“Cancer risk and non-cancer hazard are unacceptable for adult and child Marshallese residents under numerous evaluated fish consumption scenarios,” says a new 276-page report on the contamination of reef fish at Kwajalein and nearby islands of the US Army Garrison — Kwajalein Atoll.
The latest US Army report confirms that fish in many locations on Kwajalein Island and nearby islands on the west side of the atoll contain dangerous levels of arsenic and PCBs, all seriously toxic chemicals. The contamination is the result mainly of waste from industrial vessel operations in the port and leaching from the Kwajalein landfill that have contaminated reef fish in the area with toxic materials.
The Draft Update to the Kwajalein Atoll Fish Consumption Risk Assessment of 2016 was prepared by the US Army Public Health center in Maryland and released at the end of last week with public meetings scheduled on Ebeye this week to discuss the findings.
The Army report also points out that one of the goals of the study was to come up with an “advisory” about safe levels of fish consumption. But, said the report, “Based on the subsistence fishermen exposure assumptions, there is no level or type of fish consumption from the subject study areas that is without risk for Marshallese people.” However, the same warning didn’t apply to American adults because they do not consume all parts of reef fish as Marshallese fish eaters do.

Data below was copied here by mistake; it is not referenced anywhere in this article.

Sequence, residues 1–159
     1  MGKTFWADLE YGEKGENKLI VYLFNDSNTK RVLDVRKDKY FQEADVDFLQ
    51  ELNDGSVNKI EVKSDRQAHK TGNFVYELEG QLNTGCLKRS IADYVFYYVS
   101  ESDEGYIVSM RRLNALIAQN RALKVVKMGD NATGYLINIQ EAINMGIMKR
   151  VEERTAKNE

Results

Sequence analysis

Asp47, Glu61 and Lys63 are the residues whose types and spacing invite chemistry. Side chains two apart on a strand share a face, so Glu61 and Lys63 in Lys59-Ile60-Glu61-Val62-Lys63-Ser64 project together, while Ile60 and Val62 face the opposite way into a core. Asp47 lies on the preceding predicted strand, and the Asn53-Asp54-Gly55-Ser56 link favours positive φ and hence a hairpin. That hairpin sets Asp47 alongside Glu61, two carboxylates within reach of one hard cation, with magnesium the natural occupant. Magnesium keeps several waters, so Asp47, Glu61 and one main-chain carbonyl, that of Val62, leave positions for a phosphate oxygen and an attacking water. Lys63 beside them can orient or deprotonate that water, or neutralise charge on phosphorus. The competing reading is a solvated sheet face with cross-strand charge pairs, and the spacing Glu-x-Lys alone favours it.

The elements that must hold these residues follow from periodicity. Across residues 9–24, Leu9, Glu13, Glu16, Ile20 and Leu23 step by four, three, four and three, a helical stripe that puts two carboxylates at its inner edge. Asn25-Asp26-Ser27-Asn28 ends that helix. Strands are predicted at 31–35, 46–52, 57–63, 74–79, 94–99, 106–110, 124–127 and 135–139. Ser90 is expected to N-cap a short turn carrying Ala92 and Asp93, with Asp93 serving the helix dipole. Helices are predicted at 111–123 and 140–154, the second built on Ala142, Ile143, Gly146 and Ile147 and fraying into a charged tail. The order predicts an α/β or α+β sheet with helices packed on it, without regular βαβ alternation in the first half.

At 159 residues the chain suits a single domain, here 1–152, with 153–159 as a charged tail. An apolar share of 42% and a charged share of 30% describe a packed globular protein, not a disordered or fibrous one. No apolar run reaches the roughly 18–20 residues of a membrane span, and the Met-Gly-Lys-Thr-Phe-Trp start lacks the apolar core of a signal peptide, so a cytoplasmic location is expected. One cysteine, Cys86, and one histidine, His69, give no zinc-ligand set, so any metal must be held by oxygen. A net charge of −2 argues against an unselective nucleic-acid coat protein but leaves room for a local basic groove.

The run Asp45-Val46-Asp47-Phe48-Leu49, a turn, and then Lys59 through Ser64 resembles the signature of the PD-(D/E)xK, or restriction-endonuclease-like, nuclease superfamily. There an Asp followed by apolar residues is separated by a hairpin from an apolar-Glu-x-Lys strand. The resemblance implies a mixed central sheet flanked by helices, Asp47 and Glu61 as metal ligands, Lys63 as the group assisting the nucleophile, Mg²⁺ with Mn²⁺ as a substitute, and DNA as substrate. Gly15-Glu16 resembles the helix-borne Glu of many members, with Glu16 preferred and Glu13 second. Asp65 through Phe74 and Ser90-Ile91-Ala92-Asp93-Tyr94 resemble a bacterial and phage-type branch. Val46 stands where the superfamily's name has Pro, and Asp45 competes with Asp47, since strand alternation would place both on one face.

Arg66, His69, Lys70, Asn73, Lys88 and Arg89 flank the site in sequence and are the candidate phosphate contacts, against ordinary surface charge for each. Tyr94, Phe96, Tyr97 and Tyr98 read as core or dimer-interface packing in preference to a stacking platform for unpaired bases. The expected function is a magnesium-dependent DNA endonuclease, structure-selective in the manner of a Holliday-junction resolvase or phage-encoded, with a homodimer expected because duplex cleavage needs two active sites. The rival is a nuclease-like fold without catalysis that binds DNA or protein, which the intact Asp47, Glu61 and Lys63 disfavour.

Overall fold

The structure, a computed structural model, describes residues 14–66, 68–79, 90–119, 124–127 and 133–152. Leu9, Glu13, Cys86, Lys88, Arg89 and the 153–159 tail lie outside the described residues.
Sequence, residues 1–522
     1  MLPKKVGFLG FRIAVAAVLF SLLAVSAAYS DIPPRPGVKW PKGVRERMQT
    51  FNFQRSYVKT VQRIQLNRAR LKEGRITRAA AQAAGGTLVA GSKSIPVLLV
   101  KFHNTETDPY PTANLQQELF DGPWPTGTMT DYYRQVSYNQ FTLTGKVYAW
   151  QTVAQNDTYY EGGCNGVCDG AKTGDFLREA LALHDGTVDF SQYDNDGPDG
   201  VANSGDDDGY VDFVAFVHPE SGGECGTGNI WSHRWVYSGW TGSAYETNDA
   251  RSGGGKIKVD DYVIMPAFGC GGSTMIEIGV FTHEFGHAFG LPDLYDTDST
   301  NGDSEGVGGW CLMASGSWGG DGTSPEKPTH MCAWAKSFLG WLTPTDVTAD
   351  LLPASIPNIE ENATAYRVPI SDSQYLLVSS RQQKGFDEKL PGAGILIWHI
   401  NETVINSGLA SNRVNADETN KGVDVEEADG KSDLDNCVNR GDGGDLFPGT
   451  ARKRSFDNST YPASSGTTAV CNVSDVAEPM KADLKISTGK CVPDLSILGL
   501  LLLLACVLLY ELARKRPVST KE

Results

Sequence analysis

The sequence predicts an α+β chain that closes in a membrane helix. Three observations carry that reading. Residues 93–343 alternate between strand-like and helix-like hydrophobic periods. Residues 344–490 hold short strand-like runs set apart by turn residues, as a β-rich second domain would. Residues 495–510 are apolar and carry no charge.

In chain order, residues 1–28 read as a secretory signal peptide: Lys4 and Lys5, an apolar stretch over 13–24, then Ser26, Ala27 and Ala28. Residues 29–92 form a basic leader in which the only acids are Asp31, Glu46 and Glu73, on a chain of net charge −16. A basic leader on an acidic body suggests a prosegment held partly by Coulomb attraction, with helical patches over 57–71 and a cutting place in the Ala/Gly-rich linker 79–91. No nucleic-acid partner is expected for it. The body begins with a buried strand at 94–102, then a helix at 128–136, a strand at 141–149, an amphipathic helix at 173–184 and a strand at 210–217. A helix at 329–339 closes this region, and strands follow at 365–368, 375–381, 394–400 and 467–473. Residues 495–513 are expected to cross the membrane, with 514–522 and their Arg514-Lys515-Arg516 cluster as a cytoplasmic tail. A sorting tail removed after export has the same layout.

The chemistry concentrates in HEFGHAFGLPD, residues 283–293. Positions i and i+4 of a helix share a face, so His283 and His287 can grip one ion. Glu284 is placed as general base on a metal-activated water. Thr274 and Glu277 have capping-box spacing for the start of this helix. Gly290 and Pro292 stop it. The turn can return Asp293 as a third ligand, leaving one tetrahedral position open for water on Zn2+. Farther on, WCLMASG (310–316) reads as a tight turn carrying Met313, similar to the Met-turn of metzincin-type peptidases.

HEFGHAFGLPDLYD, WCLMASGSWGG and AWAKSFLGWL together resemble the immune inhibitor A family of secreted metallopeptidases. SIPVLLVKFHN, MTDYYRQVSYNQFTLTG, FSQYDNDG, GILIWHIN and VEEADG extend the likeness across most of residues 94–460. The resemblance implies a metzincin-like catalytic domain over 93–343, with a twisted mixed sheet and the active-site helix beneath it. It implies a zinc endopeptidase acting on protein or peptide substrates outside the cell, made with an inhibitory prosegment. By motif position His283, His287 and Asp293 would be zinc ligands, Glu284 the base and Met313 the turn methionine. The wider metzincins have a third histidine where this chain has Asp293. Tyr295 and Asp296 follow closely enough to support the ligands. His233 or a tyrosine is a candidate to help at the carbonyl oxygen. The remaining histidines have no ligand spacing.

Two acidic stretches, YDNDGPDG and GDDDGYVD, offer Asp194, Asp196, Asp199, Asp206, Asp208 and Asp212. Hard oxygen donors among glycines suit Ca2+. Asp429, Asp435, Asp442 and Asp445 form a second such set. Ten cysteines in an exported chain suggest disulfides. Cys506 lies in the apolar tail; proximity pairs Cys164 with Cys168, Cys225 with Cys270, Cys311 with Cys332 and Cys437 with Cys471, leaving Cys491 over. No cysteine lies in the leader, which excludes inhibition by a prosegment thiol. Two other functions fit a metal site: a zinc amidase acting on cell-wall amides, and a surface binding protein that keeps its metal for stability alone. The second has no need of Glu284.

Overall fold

The report concluded that, “Reef fish consumption poses potentially unacceptable cancer risks to Marshallese adults and children who draw the majority of their reef fish from industrial (Kwajalein Harbor and Kwajalein landfill) and recreational areas (North Point, Ski Platform, American/Japanese pools) on Kwajalein Islet. Consumption of reef fish from Enubuj and Ennylabegan (islands) poses similar health concerns. Non-cancer hazard is also unacceptable for Marshallese adults at all of these areas.”
The Army report cautioned that the risk identified did not mean people eating fish from the contaminated areas will get cancer. “Rather, these calculations reflect an increased likelihood of cancer over baseline estimates,” the report said.
Read more about this in the July 19, 2019 edition of the Marshall Islands Journal.